What is VISION? Stakeholders from every sector stand to benefit from a more complete and efficient method of medical device surveillance. The Vascular Implant and Interventional Outcomes Network (VISION) is a partnership between the Society for Vascular Surgery Patient Safety Organization (SVS-PSO), the U.S. Food and Drug Administration, and the Medical Device Epidemiology Network (MDEpiNet) that aims to develop a better, faster, cheaper method of device surveillance in the vascular device space. VISION works toward this goal by linking the Vascular Quality Initiative’s (VQI) national registry of vascular surgery procedures with Medicare Claims. For patients and the physicians who care for them, reliable data on device performance translates into informed decisions and better care for patients when they need it. For Industry, greater use and acceptability of Real-World Evidence (RWE) to monitor devices post-approval offers the potential for future cost savings and more efficient pathways for reporting and expanded use. Lastly, for regulators, the use of RWE is essential to achieving the desired goal of total life cycle surveillance.
What has VISION accomplished? As a NESTcc Demonstration Project, VISION has linked the VQI registry for Endovascular Abdominal Aortic Aneurysm Repair (EVAR) with New York’s all-payer database known as SPARCS (Statewide Planning and Research Cooperative System) from 2003 to 2015. This allowed us to compare the rate of reintervention observed in New York state’s Medicare population under the age of 65, with the rate of reintervention among all ages and insurance types. Using an indirect matching algorithm, we matched 96% of eligible patients in the VQI EVAR registry to their SPARCS claims (indirect identifiers included facility ID, patients’ year and month of birth, sex, and procedure date). Our findings showed that rates of reintervention for EVAR were similar between Medicare beneficiaries and non-beneficiaries in New York State (19% versus 20%, log-rank p=.199 (Figure 1)[i]). This finding suggests that both Medicare and Medicare patients must be watched closely for reintervention – and that VISION’s registry-linked claims datasets are a valuable step forward towards this important goal. According to Dr. Jesse Columbo, a vascular surgery resident and lead author on this study, “VISION’s device surveillance represents an essential step forward in patient care by allowing sustainable and low-cost access to RWE for patients and providers.”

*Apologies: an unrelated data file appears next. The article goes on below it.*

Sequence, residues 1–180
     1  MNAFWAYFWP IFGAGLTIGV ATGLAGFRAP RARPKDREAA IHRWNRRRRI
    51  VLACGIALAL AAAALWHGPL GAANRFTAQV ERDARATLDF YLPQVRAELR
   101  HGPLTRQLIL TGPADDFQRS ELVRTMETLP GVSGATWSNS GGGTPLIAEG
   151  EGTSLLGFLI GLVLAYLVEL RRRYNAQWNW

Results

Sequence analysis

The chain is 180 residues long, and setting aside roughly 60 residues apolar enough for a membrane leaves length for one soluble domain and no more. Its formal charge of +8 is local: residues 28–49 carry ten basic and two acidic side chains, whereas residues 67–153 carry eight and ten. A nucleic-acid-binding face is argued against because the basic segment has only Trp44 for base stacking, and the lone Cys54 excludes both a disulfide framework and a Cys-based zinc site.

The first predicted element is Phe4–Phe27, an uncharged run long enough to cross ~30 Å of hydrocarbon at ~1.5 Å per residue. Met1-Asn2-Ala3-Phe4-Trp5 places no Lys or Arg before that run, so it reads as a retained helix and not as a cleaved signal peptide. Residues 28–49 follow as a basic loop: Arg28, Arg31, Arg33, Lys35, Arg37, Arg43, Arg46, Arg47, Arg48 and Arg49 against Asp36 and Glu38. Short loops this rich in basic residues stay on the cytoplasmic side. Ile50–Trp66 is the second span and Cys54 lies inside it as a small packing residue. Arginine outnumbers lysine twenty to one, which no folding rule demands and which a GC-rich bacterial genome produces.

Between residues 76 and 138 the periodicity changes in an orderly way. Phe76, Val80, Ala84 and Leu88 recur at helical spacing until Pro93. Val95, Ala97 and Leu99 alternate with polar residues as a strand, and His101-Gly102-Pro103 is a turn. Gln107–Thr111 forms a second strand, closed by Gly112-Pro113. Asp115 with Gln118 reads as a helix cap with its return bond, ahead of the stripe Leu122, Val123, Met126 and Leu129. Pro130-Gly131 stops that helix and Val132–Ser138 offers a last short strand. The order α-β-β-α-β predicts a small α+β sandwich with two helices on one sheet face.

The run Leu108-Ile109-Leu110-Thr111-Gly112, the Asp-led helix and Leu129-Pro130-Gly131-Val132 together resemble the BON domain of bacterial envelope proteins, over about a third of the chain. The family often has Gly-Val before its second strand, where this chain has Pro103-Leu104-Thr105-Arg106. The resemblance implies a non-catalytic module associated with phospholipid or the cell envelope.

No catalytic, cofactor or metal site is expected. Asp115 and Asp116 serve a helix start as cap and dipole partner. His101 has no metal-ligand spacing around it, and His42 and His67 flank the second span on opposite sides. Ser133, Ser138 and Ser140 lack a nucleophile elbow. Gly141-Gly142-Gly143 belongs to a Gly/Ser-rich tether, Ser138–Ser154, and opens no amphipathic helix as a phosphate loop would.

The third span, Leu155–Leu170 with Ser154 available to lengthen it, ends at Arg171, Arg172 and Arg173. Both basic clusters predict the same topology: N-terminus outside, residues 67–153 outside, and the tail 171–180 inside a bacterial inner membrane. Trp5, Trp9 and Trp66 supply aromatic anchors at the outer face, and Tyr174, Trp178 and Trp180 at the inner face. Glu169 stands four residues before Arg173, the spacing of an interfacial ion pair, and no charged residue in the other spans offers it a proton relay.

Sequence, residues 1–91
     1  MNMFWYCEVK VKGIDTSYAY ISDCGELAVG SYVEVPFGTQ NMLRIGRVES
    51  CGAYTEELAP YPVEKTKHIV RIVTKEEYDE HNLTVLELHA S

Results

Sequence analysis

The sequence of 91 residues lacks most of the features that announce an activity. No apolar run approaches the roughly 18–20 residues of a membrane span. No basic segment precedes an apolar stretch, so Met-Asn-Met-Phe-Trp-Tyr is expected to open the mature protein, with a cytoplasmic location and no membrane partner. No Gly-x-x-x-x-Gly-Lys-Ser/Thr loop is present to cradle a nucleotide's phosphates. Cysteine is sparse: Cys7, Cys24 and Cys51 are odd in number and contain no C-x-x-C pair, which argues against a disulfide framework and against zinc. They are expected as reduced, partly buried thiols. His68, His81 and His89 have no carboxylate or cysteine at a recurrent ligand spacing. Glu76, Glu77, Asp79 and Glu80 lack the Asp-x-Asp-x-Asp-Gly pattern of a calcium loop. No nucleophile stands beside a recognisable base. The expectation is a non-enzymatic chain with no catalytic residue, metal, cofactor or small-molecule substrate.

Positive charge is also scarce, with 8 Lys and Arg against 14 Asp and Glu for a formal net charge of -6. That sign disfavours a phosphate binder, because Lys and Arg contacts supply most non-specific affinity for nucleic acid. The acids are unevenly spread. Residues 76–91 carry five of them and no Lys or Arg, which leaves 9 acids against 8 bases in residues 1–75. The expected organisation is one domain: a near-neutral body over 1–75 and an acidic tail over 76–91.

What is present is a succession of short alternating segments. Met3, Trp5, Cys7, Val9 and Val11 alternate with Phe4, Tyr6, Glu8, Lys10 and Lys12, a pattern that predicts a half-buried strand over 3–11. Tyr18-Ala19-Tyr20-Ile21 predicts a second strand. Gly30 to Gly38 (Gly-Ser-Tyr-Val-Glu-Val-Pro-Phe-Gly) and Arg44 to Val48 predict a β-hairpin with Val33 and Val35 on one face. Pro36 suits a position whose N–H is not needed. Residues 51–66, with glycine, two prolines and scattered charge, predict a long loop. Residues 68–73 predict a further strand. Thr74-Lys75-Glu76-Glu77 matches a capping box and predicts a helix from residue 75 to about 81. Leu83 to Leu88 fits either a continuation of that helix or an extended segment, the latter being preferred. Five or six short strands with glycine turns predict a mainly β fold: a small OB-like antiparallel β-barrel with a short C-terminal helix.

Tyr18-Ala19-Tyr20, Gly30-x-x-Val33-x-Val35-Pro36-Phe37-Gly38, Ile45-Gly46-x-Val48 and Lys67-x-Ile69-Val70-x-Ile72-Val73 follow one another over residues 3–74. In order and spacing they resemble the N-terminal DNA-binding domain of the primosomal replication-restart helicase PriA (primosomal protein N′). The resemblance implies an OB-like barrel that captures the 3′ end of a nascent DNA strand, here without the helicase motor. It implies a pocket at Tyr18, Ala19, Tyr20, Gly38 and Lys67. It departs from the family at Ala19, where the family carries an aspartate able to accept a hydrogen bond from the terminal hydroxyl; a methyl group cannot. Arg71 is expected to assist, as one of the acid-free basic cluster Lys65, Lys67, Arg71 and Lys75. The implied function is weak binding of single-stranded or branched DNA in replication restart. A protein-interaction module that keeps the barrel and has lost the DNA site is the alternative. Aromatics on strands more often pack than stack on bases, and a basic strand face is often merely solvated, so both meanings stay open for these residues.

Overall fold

What’s next? Although VISION has been successful in using registry-linked claims datasets to study device performance and long-term outcomes of Vascular Surgery procedures since 2012, administrative and logistical challenges related to data use agreements and data sharing remain significant barriers to wider adoption of this methodology. As a public-private entity dedicated to scaling up the use of RWE in device surveillance, NESTcc is in a unique position to help foster meaningful discussion among researchers and administrators in order to lay the groundwork for a shared Vision in which patients, providers, payers, and regulators may all benefit from broader use of Real-World Data (RWD).
[i] Columbo JA, Sedrakyan A, Jialin M, Hoel AW, Trooboff SW, Kang R, Brown JR, Goodney PP. Claims-Based Surveillance for Reintervention after Endovascular Aneurysm Repair Among Non-Medicare Patients. Journal of Vasc Surgery, 2018 (under Review).
This blog was written by VISION Project Lead and Principal Investigator Philip P. Goodney, MD.
Note: NESTcc Demonstration Projects have funding sources independent of NESTcc.